COVID-19 Update: We are currently shipping orders daily. However, due to transit disruptions in some geographies, deliveries may be delayed. To provide all customers with timely access to content, we are offering 50% off Science and Technology Print & eBook bundle options. Terms & conditions.
An Introduction to Dust Explosions - 1st Edition - ISBN: 9780123970077, 9780123972637

An Introduction to Dust Explosions

1st Edition

Understanding the Myths and Realities of Dust Explosions for a Safer Workplace

Author: Paul Amyotte
Paperback ISBN: 9780123970077
eBook ISBN: 9780123972637
Imprint: Butterworth-Heinemann
Published Date: 12th June 2013
Page Count: 280
Sales tax will be calculated at check-out Price includes VAT/GST
Price includes VAT/GST

Institutional Subscription

Secure Checkout

Personal information is secured with SSL technology.

Free Shipping

Free global shipping
No minimum order.


Preventable dust explosions continue to occur in industry in spite of significant research and practice efforts worldwide over many years. There is a need for effective understanding of the unique hazards posed by combustible dust. This book describes a number of dust explosion myths – which together cover the main source of dust explosion hazards – the reasons they exist and the corresponding scientific and engineering facts that mitigate these circumstances.

An Introduction to Dust Explosions describes the main erroneous beliefs about the origin and propagation of dust explosions. It offers fact-based explanations for their occurrence and the impact of such events and provides a critical guide to managing and mitigating dust explosion risks.

Key Features

  • Designed to prevent accidents, injury, loss of life and capital damage
  • An easy-to-read, scientifically rigorous treatment of the facts and fictions of dust explosions for those who need to – or ought to – understand dust explosions, their occurrence and consequences
  • Enables the management and mitigation of these critical industrial hazards


Process Engineers, Safety Engineers, Chemical Engineers, Mechanical Engineers in the Process Industries, Managers in the Process Industries, Safety Consultants.

Table of Contents




Chapter 1. Introduction: Dust Explosions—Myth or Reality?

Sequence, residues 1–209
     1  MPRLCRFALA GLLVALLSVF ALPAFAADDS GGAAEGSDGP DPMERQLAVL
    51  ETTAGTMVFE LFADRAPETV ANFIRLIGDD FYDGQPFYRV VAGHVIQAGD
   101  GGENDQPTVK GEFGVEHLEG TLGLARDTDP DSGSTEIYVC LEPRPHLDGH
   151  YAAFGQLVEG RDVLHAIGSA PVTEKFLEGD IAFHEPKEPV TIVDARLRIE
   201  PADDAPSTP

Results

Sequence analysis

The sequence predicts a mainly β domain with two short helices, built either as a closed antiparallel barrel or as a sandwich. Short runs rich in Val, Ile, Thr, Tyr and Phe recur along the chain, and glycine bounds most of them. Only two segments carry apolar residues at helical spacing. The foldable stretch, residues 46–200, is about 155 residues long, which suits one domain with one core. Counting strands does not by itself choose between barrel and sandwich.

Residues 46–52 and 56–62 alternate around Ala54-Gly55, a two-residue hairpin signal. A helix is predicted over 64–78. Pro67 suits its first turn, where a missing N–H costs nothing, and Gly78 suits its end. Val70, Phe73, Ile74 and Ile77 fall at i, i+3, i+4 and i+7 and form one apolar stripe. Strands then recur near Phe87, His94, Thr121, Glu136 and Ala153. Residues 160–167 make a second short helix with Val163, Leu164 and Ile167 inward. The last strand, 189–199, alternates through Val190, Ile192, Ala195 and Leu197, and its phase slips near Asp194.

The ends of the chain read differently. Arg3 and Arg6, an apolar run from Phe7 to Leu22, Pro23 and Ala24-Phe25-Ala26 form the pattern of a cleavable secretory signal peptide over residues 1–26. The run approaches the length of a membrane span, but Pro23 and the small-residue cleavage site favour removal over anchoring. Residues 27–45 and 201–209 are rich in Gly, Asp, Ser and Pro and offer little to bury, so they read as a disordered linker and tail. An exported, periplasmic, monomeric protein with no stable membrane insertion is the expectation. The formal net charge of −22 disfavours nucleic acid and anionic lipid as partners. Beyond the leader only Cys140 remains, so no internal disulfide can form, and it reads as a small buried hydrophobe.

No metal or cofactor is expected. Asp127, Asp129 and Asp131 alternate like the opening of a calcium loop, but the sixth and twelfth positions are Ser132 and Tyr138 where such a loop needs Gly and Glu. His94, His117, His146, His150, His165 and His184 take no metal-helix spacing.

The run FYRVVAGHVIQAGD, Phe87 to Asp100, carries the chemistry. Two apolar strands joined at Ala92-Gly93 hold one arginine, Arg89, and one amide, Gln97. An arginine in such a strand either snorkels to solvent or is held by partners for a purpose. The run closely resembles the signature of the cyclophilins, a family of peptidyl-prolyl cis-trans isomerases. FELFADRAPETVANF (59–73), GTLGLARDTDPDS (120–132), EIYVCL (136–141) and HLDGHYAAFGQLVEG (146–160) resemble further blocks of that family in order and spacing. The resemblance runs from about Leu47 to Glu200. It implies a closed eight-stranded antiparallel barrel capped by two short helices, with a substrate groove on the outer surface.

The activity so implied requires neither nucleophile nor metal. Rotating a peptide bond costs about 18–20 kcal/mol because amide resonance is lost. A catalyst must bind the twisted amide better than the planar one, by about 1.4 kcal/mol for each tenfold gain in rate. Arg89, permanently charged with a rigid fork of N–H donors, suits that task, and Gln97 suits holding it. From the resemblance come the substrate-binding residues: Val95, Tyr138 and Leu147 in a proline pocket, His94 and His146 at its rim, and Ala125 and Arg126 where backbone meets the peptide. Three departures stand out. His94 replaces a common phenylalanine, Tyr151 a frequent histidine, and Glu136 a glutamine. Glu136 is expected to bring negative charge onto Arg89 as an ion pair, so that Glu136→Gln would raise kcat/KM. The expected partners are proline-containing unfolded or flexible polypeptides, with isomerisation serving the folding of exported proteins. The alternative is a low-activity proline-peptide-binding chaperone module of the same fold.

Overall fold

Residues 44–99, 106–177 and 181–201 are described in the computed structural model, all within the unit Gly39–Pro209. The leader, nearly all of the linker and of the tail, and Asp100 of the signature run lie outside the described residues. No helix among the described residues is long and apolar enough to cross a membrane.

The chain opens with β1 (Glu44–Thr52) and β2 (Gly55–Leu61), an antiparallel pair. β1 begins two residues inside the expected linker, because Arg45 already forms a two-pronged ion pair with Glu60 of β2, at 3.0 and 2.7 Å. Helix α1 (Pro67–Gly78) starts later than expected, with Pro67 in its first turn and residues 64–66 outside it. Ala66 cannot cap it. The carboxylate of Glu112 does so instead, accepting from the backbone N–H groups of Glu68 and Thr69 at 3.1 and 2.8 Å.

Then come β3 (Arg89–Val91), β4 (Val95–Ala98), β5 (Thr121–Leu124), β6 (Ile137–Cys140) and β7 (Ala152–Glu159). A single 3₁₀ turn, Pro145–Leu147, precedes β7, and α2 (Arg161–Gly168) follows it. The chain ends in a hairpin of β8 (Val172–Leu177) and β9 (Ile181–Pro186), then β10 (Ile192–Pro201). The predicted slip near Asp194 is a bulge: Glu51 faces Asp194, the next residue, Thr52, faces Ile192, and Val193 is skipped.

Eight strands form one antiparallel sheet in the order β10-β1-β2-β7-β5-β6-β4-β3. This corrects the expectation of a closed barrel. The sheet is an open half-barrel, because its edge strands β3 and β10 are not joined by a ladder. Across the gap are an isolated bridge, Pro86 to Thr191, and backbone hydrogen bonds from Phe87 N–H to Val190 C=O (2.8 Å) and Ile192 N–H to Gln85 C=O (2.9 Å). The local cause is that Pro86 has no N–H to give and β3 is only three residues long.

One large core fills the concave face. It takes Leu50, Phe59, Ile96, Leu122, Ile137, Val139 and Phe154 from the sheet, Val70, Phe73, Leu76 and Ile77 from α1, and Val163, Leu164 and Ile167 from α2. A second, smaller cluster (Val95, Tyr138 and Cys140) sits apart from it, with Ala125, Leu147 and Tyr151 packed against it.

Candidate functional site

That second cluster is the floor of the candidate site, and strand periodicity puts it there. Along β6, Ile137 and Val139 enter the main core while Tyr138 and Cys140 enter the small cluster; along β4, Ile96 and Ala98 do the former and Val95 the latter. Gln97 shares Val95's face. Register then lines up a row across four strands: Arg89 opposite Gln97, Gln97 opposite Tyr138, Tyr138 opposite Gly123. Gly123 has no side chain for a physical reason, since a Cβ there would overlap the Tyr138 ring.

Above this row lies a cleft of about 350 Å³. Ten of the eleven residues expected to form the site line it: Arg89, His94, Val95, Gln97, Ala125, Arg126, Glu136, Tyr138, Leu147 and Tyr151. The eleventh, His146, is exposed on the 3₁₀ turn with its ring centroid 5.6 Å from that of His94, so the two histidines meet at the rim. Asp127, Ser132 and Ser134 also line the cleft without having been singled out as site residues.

1.1 Explosion Pentagon

1.2 Dust Explosion Myths

1.3 Why this Book?

1.4 What do You Think?


Chapter 2. Myth No. 1 (Fuel): Dust Does Not Explode

2.1 Dust Definition

2.2 Determination of Dust Explosibility

2.3 An Explosible Non-Explosible Dust

2.4 Reality

2.5 What do You Think?


Chapter 3. Myth No. 2 (Fuel): Dust Explosions Happen Only in Coal Mines and Grain Elevators

3.1 Cyclical Interest in an Ever-Present Problem

3.2 Magnitude of the Problem

3.3 Reality

3.4 What do You Think?


Chapter 4. Myth No. 3 (Fuel): A Lot of Dust Is Needed to Have an Explosion

4.1 Guidance from Physics and Chemistry

4.2 Practical Guidance

4.3 Housekeeping

4.4 Reality

4.5 What do You Think?


Chapter 5. Myth No. 4 (Fuel): Gas Explosions Are Much Worse Than Dust Explosions

5.1 Hazard and Risk

5.2 Example: Likelihood of Occurrence and Prevention

5.3 Example: Severity of Consequences and Mitigation

5.4 Hybrid Mixtures

5.5 Reality

5.6 What do you Think?


Chapter 6. Myth No. 5 (Fuel): It’s Up to the Testing Lab to Specify Which Particle Size to Test

6.1 Role of Particle Size Distribution

6.2 Particle Size Effects on Explosibility Parameters

6.3 A Cooperative Endeavor

6.4 Reality

6.5 What do You Think?


Chapter 7. Myth No. 6 (Fuel/Ignition Source): Any Amount of Suppressant Is Better Than None

7.1 Inerting and Suppression

7.2 Minimum Inerting Concentration

7.3 Suppressant Enhanced Explosion Parameter

7.4 Thermal Inhibitors

7.5 Reality

7.6 What do you Think?


Chapter 8. Myth No. 7 (Ignition Source): Dusts Ignite Only with a High-Energy Ignition Source

8.1 Industrial Ignition Sources

8.2 Standardized Dust Explosibility Testing

8.3 Dust Cloud Ignition by Low-Energy Sources

8.4 Reality

8.5 What do you Think?


Chapter 9. Myth No. 8 (Ignition Source): Only Dust Clouds—Not Dust Layers—Will Ignite

9.1 Dust Layer Ignition

9.2 Dust Layer Fires

9.3 Reality

9.4 What do you Think?


Chapter 10. Myth No. 9 (Oxidant): Oxygen Removal Must Be Complete to Be Effective

10.1 Limiting Oxygen Concentration

10.2 Candidate Inert Gases

10.3 Reality

10.4 What do you Think?


Chapter 11. Myth No. 10 (Oxidant): Taking Away the Oxygen Makes Things Safe

11.1 Nothing is Safe

11.2 Introduction of New Hazards

11.3 Management of Change

11.4 Reality

11.5 What do you Think?


Chapter 12. Myth No. 11 (Mixing): There’s No Problem If Dust Is Not Visible in the Air